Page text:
Passing information for why integral was non-elementary: see line 685 in `risch.py`. For this we could use a class-level variable named `message` in class associated with class `Integral` which will be set to appropriate str value. So instead of only raising `NonElementaryIntegralException` first message is set a value. Since each place in the code that raises `NonElementaryIntegralException` has a specific reason in the algorithm why the integral must be non-elementary if the code reaches that point.

For the algebraic function integration, a description is given on Trager's page 13 to obtain canonical forms for the ones which can't be evaluated as well as for those which are not integrable(non-elementary).

  • See prde.py line number 456, implement Parametric Risch DE.
Support for trigonometric extensions: Currently, part of transcendental case is implemented, meaning elementary integrals containing exponentials, logarithms but the trigonometry still needs to be implemented. Support for trigonometric extensions, see `risch.py` line number 232. Simplification of real elementary functions [5]: to find all the algebraic relationships among a given set of real elementary functions, there is a description of this in paper [5] with mathematical examples but no pseudo code. This provides a better solution over converting the real elementary functions to logarithms and exponentials and then using them computing the integral. The initial step of the algorithm requires building of a tower, which is already there in `DifferentialExtension` object. See if the given expression has a non-real complex constant and if it does then we will have to shift to its "complex" version. We have 4 cases in which the algorithm is divided into:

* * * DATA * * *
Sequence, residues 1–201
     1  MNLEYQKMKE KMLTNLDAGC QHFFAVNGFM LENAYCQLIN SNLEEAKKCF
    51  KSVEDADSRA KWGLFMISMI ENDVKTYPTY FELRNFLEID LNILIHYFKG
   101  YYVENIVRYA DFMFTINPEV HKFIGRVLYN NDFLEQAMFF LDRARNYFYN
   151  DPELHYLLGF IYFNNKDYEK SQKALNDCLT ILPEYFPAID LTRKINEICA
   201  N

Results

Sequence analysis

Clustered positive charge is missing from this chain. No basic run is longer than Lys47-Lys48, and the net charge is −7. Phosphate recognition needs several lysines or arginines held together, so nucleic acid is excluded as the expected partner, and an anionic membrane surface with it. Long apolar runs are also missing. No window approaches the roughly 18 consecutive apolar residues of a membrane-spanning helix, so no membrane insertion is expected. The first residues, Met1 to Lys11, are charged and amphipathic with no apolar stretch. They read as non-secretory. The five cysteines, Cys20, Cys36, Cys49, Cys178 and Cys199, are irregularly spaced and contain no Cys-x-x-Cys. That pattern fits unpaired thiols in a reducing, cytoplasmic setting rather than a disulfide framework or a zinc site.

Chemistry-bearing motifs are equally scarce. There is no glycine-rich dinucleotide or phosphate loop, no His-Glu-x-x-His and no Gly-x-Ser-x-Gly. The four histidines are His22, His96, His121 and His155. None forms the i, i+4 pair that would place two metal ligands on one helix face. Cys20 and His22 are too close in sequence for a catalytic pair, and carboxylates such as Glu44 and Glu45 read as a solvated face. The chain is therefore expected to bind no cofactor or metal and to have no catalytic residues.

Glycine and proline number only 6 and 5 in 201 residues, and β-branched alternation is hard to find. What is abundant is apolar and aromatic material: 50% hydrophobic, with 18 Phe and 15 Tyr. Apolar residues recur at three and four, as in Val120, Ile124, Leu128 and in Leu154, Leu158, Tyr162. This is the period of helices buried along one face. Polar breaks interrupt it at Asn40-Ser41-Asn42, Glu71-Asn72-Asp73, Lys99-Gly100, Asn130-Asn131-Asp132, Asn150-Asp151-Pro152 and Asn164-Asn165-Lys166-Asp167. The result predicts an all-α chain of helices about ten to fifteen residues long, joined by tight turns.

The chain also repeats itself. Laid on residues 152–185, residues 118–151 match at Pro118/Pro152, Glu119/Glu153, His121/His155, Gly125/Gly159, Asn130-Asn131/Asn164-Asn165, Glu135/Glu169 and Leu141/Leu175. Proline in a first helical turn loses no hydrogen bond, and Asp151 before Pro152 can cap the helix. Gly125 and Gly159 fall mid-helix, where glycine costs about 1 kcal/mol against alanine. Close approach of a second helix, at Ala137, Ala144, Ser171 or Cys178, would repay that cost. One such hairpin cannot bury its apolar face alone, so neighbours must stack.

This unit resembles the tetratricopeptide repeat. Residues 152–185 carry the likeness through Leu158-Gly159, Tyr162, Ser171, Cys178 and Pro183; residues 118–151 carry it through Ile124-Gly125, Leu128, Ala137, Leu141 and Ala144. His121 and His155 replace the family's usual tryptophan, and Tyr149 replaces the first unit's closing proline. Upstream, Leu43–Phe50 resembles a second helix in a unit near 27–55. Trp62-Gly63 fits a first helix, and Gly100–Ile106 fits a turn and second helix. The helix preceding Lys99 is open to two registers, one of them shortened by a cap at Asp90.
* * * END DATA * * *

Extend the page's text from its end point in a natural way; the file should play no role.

(a). theta_i = log(z), where z \in K(x, theta1, theta2, ..., theta_(i-1)), i.e. theta_i is a written as a logarithm of field extension of theta1, theta2, ..., theta(i-1).

(b). theta_i = z = exp(y) for y \in k_i i.e. theta_i is written as an exponential of field extension of theta1, theta2, ..., theta(i-1).

(c). theta_i = v = tan(u) for u \in k_i i.e. theta_i is written as a tangent of field extension of theta1, theta2, ..., theta(i-1).

(d). theta_i = u = atan(v) for v \in k_i i.e. theta_i is written as a tangent of field extension of theta1, theta2, ..., theta(i-1).

Integration of Algebraic Functions

  • Implement the integration of algebraic extensions, currently only transcendental extensions are implemented. Read conversations after message [6]
There are two good description for the implementation of Algebraic function integration, first being the one by James H Davenport and second one being by Trager. Davenport's proposed implementation has been superseded by Trager's improvements. Davenport's implementation uses Puiseux series. Puiseux series, in particular, are not needed for Trager's implementation. They are inconvenient because of the algebraic extensions the base field that are necessary in the computations but not in the final results. Risch makes extensive use of Puiseux series which leads to operate in an extension field of much higher degree for his intermediate computations.

Computing Integral basis: Algorithm for computing integral basis for our function field, though computing it is an ongoing research and computing it is no harder than computing Pusieux expansion.

A class named `IntegralBasis(f, x, y)` Returns the integral basis of the algebraic function field of.

The `.integral_basis` method of `IntegralBasis`

  • Parameters*: `f`: sympy.Expr
`x`: Symbol `y`: Symbol